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A CurtainUp Review
The Theory of Color

The Theory of Color

When do we stop acting with our minds, and let our emotions seep onto the canvas?— EL-eh-na on her artistic frustrations.

Warning: Marrying Italian women may be hazardous to your social life. This, it would seem, is the only message of Lella Heins' new play The Theory of Color in production as part of Medicine's Show's Jump-Start series. More a collision of two half-conceived plots than a complete work, Heins' uneven representation of a Italian-born artist's transition into a small New England town is entertaining at times, but ultimately lacks the coherence that would create a deeper meaning.

If only Heins had made this play into a Choose Your Own Adventure novel. Italian painter named Elena (Celeste Moratti, native Italian herself) marries Tom Ward, doctor (Niall O'Hegarty). He grows tired of New York and they move to an island off the coast of Maine. If you decide to explore the local oddities, turn to page 33. If you decide to ignite firey, oh-so-stereotypically-Italian passionate relationship struggles with your husband, turn to page 65.

As it is, the switching back and forth between the two adventures keeps either from coming into focus. Either would have made a perfectly passable play. Heins' writing is slightly more engaging in the local flora plot: Mrs. Van Damm, typical Hamptons wife and chair of the island's medical committee (played with impeccable comic timing by Charlotte Patton) has the best lines of the evening. In the relationship plot the themes are less sitcom and more original, but the scenes of sexual and emotional frustration get repetitive quickly. Elena is unhappy in the small town: She can't paint and she can't make love to her husband if he's on call. Elena is unhappy in the small town: She can't paint and she can't make love to her husband if he's on call. Elena is unhappy in the small town: She can't paint and she can't make love to her husband if he's on call. By around the third repetition, the other, more absurdist adventure is a breath of fresh air. Who cares that Young, About-to-be-Married Couple Cindy (Kathryn Savannah) and Adam (Geoff Wigdor) could have stepped right out of a soap opera? Or that Robin Sharp's schizophrenia is so stereotyped it's almost offensive? Or that Father Rieznick's back-story is as predicable as yet another Catholic diocese's out-of-court settlement? At least there's variety.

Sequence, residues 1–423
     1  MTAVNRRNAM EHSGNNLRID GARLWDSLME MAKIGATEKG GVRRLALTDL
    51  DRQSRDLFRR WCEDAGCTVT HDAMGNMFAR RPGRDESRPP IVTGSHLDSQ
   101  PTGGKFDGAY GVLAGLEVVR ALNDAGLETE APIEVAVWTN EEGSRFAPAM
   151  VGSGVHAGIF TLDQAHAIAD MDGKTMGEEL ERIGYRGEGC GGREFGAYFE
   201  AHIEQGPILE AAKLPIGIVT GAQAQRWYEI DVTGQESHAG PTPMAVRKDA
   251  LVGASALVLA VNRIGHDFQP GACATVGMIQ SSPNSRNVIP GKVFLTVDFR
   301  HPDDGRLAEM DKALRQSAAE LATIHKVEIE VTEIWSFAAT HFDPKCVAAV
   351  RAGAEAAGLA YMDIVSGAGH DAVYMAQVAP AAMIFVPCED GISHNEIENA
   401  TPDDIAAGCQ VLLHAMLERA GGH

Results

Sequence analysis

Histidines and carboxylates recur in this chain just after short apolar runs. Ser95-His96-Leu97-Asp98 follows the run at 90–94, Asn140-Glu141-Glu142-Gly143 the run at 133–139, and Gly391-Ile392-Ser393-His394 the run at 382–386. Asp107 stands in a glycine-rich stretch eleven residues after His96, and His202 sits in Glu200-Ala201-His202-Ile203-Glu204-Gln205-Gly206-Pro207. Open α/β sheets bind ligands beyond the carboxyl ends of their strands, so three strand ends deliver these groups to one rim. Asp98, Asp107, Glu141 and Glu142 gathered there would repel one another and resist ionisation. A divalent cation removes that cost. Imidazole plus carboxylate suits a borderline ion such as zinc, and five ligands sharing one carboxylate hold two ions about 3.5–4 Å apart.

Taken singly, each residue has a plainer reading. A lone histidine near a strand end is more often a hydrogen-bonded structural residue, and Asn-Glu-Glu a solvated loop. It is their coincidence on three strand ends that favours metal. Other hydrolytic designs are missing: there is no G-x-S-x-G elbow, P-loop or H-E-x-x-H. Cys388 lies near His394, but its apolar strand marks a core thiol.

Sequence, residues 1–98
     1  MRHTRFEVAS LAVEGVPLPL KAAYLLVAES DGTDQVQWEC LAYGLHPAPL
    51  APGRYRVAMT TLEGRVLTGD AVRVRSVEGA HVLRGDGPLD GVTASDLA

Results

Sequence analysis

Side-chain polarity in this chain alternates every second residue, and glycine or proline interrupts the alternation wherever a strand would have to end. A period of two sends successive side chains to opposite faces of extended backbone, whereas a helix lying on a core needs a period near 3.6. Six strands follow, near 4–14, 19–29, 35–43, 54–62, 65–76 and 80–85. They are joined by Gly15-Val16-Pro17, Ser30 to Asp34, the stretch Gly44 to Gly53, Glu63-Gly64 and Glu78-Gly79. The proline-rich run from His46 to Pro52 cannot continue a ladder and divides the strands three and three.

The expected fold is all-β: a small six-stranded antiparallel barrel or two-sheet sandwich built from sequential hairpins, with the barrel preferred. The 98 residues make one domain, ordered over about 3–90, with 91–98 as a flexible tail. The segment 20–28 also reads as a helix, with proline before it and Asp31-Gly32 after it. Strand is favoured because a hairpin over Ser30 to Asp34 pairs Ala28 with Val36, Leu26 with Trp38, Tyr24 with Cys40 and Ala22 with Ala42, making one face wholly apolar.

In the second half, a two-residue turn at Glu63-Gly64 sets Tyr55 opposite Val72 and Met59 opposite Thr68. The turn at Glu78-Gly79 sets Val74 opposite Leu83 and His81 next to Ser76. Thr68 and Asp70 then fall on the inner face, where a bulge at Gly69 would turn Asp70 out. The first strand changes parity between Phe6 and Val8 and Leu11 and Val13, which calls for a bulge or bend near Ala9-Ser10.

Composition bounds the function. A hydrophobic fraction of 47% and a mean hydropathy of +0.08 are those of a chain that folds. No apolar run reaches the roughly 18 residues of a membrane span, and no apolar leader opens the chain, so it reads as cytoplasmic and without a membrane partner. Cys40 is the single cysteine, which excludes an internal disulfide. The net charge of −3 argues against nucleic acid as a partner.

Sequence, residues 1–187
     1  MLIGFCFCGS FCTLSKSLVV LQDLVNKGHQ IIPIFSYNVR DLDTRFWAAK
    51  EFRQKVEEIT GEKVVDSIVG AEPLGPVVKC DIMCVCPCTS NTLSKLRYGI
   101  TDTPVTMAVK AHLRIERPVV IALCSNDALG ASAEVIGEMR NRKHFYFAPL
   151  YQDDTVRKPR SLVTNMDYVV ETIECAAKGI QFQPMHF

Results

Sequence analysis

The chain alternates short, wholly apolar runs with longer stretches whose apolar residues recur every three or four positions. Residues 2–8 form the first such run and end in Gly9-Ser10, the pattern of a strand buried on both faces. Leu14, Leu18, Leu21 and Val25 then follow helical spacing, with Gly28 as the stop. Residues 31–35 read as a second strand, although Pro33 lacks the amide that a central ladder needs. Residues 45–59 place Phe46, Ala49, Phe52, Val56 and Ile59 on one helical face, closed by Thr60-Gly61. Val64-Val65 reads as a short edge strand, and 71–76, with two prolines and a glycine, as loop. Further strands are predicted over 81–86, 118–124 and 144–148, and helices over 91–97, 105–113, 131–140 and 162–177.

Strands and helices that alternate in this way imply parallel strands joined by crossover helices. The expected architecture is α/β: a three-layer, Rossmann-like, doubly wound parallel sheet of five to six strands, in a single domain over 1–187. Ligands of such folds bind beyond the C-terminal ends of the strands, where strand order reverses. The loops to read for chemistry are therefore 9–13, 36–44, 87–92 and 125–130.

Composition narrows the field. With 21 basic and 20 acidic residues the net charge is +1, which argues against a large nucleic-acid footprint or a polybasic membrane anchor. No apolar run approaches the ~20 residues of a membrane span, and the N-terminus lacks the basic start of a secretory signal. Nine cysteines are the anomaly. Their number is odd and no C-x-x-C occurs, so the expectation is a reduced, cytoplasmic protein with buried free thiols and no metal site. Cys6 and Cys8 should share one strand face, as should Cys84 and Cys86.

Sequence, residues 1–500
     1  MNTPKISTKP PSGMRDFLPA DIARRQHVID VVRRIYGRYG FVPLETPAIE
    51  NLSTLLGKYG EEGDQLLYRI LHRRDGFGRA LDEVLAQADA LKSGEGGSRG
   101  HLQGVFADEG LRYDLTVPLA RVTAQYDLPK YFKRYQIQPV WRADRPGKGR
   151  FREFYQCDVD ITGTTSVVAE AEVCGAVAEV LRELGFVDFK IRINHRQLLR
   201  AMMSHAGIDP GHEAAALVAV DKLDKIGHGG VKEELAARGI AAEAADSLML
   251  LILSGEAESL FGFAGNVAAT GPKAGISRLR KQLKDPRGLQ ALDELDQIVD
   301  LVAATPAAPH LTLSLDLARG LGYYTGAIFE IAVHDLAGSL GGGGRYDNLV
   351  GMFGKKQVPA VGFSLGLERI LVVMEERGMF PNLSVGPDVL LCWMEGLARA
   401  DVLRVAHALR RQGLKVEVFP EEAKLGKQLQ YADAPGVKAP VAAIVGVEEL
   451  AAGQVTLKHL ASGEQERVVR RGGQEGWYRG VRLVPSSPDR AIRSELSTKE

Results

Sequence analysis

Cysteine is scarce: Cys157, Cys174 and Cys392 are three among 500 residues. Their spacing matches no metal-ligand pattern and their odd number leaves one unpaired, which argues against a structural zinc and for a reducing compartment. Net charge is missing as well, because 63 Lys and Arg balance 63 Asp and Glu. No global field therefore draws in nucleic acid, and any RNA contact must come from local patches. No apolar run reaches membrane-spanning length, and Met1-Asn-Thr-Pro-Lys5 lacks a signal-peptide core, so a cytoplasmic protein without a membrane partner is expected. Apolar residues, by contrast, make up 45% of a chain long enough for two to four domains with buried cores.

Alexander Harrington's direction is capable. However, he runs into difficulties blending together the assortment of dream sequences, audience addressing soliloquies and real-time action, though "action" may be too strong a word.

Celeste Moratti brings a thoughtfulness to Elena that keeps her from descending into a flat, pouty stereotype. As her husband, Niall O'Hegarty is a perfectly studied "normal" guy, eerily unnatural. Also notable is James Nugent's well-worn performance as the weary, alcoholic Father Rieznick. The rest of the ensemble fills in as the almost absurdly predictable townsfolk in a workman-like fashion.

Tony Penna's lighting and set design uses the space and resources well, while Viviane Galloway's costumes are functional, if not inspired.

The Theory of Color is presented as part of Medicine Show's Jump-Start series, after receiving a staged reading last year. If Heims chooses to continue with this work, and I hope she does, reshuffling the action to create one coherent plot will help solidify the work. As it is now, the audience is left turning the pages back and forth, trying vainly to keep up with two divergent adventures.

The Theory of Color
Written by Lella Heins
Directed by Alexander Harrington
Cast: Alexandra Devin (Robin Sharp), Celeste Moratti (Elena Ward), James Nugent (Father Rieznick), Niall O'Hegarty (Tom Ward), Charlotte Patton (Mrs. Van Damm), Kathryn Savannah (Cindy Rossetti), Geoff Wigdor (Adam Berg)
Scenic Design and Lighting Design: Tony Penna
Costume Design: Viviane Galloway
Paintings: Caterina Bertolotto
Running Time: 2 hours including one 10 minute intermission
Medicine Show Theatre, 549 W. 52nd St., 3rd Floor, 212.868.4444
From 7/12/07 to 7/29/07; opening 7/20/07
Tuesday-Saturday 8:00pm; Sunday 4:00pm
Tickets: $18.00
Reviewed by Summer Banks on 7/13/07
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